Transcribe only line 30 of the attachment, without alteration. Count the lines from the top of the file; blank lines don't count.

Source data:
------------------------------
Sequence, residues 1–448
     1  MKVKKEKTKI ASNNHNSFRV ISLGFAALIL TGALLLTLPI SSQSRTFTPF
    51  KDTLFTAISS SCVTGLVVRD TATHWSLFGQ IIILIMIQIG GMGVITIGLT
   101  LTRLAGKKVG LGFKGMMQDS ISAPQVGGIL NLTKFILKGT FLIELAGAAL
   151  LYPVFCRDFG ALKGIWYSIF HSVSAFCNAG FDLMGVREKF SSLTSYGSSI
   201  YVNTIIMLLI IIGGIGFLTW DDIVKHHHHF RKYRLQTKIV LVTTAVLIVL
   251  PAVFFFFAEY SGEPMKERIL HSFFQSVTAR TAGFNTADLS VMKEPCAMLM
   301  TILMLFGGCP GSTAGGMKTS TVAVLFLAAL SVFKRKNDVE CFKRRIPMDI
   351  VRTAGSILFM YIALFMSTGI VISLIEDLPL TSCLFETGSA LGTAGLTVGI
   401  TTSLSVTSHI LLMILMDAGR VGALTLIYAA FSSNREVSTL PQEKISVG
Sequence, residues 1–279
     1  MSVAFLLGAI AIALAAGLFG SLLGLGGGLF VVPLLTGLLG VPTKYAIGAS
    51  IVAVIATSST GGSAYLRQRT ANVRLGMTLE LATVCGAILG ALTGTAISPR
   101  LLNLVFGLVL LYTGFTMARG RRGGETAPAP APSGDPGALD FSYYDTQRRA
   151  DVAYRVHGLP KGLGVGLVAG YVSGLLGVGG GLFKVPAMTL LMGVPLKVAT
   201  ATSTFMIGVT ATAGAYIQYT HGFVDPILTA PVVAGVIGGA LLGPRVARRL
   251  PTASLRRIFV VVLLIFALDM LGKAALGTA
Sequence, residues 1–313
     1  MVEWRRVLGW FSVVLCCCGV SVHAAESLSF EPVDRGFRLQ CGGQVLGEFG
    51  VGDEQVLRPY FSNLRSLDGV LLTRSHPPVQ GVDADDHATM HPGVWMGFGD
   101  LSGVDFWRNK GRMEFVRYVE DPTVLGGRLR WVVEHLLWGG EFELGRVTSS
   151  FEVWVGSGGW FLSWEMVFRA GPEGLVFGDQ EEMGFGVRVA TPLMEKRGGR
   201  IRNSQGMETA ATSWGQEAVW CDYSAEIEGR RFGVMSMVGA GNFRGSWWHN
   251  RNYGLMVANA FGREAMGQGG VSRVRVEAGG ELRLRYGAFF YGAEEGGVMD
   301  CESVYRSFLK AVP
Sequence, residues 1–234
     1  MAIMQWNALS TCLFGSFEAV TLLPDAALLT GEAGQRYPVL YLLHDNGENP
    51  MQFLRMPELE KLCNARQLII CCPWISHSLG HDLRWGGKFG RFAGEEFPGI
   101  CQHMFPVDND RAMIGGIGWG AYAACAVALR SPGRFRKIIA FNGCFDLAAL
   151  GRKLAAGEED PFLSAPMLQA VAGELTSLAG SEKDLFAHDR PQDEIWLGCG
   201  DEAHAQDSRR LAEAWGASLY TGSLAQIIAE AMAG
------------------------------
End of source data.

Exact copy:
   151  GRKLAAGEED PFLSAPMLQA VAGELTSLAG SEKDLFAHDR PQDEIWLGCG